10 Tips for Shopping Online Safely
In This Article
• Understanding the risks
• Browsing securely
• Using safe WiFi
• Creating strong passwords
• More simple precautions
Online shopping is great — who wants to deal with parking and crowds at the mall when you just could sit in front of your computer in your pajamas and buy things?
But with that convenience comes risks. The most obvious is that your credit card information gets stolen. You may not discover this until your next bill arrives and you see purchases you did not make. Your info might leak due to issues on your end or the online merchant could have a data breach. Either way, it’s a situation you really don’t want to find yourself in.
Another risk is identity theft. For most online transactions, you have to provide payment information and also your name, address, phone number, etc. A hacker who’s able to grab that info is on his way to stealing your identity.
You also don’t want to be the victim of a “bait-and-switch”. Since you can’t actually see or touch the actual product you’re ordering online, there is a risk that what you get is not what you thought you bought.
To enjoy the convenience of online shopping, while minimizing the risks, we offer the following advice…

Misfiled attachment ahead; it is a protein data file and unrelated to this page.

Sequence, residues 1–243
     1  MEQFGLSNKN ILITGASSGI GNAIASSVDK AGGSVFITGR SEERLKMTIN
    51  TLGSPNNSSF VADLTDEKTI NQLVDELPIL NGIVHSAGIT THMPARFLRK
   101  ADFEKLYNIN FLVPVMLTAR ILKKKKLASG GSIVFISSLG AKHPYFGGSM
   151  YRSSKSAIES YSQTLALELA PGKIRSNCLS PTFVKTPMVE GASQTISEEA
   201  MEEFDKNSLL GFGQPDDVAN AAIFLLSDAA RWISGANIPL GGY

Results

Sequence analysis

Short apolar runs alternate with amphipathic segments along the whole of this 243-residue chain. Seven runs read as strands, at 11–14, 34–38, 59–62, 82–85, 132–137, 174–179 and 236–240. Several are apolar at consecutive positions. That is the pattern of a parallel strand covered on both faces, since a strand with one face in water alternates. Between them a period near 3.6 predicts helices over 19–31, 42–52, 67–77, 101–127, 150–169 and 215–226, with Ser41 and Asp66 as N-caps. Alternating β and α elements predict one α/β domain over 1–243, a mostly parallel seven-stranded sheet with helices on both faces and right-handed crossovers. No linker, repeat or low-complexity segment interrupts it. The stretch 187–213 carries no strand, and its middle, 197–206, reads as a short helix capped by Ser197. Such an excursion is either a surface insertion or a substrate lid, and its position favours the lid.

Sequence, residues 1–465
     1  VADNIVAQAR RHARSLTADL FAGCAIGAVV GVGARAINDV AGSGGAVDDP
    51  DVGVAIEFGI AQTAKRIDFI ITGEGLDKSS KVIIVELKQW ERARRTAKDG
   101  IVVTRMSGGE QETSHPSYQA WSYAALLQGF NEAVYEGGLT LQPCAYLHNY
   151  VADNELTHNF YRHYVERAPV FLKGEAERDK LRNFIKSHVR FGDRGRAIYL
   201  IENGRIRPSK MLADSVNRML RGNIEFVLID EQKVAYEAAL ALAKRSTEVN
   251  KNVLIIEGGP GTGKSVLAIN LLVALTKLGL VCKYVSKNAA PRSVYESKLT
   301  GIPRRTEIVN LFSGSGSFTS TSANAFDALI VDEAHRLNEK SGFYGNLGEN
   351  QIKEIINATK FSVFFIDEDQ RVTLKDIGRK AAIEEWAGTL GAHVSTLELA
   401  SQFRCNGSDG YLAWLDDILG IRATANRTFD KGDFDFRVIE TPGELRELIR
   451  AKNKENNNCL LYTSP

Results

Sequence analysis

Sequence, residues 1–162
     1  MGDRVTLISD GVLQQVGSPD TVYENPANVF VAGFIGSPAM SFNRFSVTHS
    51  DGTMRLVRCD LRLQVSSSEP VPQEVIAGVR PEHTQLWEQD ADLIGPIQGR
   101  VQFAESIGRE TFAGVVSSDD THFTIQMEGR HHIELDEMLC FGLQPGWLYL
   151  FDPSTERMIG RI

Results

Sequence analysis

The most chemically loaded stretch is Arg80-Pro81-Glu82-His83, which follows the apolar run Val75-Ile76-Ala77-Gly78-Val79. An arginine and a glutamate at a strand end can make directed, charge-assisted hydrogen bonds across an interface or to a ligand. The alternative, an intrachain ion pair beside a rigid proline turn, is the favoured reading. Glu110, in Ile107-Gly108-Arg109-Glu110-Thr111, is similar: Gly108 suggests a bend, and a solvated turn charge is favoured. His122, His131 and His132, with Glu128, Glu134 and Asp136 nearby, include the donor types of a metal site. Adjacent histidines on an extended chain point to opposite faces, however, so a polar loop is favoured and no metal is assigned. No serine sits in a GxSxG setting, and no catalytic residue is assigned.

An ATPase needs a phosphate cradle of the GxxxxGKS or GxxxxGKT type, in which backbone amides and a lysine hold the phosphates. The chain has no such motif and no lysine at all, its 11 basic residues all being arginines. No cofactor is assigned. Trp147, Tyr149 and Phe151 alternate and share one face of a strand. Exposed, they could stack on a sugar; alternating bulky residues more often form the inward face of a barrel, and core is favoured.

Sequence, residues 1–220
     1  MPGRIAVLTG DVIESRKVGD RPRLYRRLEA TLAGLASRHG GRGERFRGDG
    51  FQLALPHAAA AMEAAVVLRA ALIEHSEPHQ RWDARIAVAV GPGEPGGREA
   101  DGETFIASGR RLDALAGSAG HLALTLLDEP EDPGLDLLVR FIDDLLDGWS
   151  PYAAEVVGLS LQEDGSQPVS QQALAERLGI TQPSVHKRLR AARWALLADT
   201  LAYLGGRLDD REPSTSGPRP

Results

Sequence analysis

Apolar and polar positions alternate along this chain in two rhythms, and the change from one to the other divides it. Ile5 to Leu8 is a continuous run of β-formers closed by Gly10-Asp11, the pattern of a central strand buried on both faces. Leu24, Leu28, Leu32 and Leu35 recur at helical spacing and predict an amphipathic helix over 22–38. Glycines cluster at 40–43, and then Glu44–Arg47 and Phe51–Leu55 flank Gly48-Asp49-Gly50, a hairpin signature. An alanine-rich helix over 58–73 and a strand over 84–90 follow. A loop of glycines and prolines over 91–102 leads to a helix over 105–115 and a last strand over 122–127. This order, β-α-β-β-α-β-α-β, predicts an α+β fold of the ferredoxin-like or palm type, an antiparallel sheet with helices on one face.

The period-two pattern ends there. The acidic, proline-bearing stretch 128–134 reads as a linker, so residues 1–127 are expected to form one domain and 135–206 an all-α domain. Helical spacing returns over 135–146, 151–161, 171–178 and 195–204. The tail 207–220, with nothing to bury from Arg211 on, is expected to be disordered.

Tips for Safe Online Shopping
1 Browse Securely — Make sure you have a secure connection to the website you’re shopping on. You must see an “s” at the beginning of the web address so it looks like “https” and not just “http”. Some web browsers show the word “secure” near the web address and/or display a “padlock” icon which, when clicked, should show something like “connection is secure”.
A secure connection means that information coming into and going out of your web browser is encrypted (“scrambled”) so that if a hacker somehow sees the info, it'll just look like a bunch of random characters. But your browser and the website know how to understand the info.
2 Pay Attention to Browser Warnings — When your web browser establishes a connection to a website, it checks the security certificate of the site. If the browser sees something wrong – maybe an expired certificate or one issued to a different site – it will display a warning message. Do not ignore this! Your browser is trying to protect you, so let it do so.
A security certificate is a type of electronic document that proves the ownership of a website.
3 Avoid Keyloggers — A keylogger is a physical devices attached to your computer (without your knowledge or permission) or software installed via malware. It watches what you type and sends it to hackers. Make sure there are no unknown devices connected to your computer. And make sure to periodically run anti-malware scans.
Malware is any type of malicious software secretly installed by hackers to do bad things. Sometimes it's detectable and removable, but sometimes it's not.
4 Only Use Secure WiFi — It’s best to do your online shopping when you're on your home network. Don't trust public WiFi networks (like at Starbucks, McDonald's, or the airport). Even if they require a password to connect, everyone else on the same network (including hackers) has the potential to see the information leaving your computer. If you really need to use a public WiFi network, read our advice first.
Secure WiFi is a wireless connection network provided by your own home network or by someone you trust.